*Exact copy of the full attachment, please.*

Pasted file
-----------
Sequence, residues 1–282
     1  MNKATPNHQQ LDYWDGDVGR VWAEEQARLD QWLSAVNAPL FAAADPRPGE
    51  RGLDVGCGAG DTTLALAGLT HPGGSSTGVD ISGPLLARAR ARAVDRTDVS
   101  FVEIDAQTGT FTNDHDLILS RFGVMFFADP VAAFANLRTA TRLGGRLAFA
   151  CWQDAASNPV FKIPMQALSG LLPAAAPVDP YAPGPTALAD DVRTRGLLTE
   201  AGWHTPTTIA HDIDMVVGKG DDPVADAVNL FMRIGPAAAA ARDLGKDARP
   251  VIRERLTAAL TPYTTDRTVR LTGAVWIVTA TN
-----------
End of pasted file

Sequence, residues 1–282
     1  MNKATPNHQQ LDYWDGDVGR VWAEEQARLD QWLSAVNAPL FAAADPRPGE
    51  RGLDVGCGAG DTTLALAGLT HPGGSSTGVD ISGPLLARAR ARAVDRTDVS
   101  FVEIDAQTGT FTNDHDLILS RFGVMFFADP VAAFANLRTA TRLGGRLAFA
   151  CWQDAASNPV FKIPMQALSG LLPAAAPVDP YAPGPTALAD DVRTRGLLTE
   201  AGWHTPTTIA HDIDMVVGKG DDPVADAVNL FMRIGPAAAA ARDLGKDARP
   251  VIRERLTAAL TPYTTDRTVR LTGAVWIVTA TN